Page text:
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Later in the same chapter, Buchheim describes how the diesel exhaust doors have to be opened and closed several times every four hours when cruising on the surface. This stops the exhaust doors clogging up with deposits, which would otherwise prevent the doors from being closed when diving, resulting in the engine room being completely flooded.

Apparently, this exercise was learned the hard way - several U-boats were lost at the beginning of the war because the exhaust doors were jammed open when the boat dived.

That's the first time I've heard about U-boats being lost in that way.

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Other U-boat commanders are mentioned in the story. Some of them are well known (e.g. Prien, Schepke, Kretschmer), but there are many who don't even appear in uboat.net's complete list of WW2 commanders - namely Trumann, Kortmann, Kallmann, Saemich, Flechsig, Bechtel, Marten, Ramlow, Meinig, Bertold...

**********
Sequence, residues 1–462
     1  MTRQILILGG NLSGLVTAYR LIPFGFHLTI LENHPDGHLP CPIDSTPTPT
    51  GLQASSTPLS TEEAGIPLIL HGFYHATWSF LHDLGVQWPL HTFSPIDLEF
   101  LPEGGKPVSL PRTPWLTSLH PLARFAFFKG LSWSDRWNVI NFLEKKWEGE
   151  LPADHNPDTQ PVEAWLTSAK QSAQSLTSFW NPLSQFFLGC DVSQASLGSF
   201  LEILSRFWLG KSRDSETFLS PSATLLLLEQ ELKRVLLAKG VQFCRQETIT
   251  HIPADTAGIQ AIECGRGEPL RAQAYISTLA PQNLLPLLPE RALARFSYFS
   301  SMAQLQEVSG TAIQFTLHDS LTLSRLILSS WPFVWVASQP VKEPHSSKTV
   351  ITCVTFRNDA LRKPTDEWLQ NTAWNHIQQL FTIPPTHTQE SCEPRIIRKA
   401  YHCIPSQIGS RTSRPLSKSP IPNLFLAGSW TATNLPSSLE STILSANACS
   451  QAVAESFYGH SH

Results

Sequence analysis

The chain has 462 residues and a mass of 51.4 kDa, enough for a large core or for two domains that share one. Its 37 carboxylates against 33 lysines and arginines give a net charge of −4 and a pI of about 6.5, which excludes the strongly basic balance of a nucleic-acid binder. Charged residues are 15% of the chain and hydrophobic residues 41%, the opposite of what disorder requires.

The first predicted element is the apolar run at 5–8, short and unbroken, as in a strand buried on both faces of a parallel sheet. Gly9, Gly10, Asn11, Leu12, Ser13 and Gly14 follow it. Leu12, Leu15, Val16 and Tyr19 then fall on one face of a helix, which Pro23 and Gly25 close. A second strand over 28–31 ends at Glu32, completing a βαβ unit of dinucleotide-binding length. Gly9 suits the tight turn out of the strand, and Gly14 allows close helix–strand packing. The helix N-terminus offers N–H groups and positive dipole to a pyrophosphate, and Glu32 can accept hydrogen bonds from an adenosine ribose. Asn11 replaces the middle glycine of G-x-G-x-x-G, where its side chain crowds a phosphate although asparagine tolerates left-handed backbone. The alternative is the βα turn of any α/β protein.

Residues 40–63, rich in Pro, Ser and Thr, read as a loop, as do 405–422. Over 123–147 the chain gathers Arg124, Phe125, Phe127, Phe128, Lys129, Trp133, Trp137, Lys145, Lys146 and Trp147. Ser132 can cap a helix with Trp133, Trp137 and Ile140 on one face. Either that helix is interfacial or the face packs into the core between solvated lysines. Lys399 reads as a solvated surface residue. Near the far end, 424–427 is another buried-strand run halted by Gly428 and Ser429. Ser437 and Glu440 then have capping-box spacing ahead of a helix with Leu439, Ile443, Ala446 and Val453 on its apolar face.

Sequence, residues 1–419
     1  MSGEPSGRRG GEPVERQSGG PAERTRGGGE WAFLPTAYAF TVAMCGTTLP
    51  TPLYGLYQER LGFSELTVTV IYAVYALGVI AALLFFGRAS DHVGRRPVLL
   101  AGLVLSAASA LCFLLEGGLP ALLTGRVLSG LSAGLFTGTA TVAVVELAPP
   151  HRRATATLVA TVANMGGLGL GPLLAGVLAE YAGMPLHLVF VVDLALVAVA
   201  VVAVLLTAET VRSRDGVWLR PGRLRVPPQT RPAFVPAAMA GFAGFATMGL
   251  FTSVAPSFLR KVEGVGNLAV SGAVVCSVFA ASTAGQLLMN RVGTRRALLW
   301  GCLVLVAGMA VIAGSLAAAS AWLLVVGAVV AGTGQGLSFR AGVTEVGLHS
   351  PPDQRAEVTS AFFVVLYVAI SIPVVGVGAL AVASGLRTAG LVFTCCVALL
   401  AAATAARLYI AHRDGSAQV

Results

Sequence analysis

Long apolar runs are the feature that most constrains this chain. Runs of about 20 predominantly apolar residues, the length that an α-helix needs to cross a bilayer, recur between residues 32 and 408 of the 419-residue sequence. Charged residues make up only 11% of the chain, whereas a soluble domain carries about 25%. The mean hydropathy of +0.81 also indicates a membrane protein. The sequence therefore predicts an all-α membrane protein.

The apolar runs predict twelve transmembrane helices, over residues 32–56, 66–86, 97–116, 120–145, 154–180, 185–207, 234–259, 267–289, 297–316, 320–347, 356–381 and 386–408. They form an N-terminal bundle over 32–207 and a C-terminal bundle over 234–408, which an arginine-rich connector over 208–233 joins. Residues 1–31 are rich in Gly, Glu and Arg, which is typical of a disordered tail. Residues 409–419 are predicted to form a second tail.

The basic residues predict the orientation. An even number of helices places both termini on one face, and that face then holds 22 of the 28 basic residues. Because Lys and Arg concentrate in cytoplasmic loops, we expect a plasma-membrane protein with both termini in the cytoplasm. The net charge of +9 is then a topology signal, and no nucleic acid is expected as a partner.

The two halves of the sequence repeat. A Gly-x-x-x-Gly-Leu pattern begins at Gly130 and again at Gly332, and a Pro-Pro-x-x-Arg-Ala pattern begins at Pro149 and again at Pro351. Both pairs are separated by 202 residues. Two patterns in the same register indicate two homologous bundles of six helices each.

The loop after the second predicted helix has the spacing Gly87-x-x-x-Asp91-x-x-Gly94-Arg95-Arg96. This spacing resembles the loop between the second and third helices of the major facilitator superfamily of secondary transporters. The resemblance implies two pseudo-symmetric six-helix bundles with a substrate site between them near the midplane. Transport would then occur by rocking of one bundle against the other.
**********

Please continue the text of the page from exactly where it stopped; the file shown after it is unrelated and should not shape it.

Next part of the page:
I just wondered why Buchheim used a few real commanders' names and some (apparently) fictitious names?

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Buchheim mentions a decoded radio message with information about an enemy convoy in square XY, and later squares 'Bruno Karl' (presumably 'BK'), XW and others, all of which (as far as I know), do not exist on the Kreigsmarine grid map - at least not in the Atlantic (please correct me if I'm wrong).

I can't think of a reason why Buchheim would use non-existent grid squares.

I know that 'Das Boot' is a fictional work, but it is based on the author's real experiences on U-boat patrols, so even if he couldn't remember any grid squares of his encounters with convoys, why didn't he make them up using historically-authentic grid references?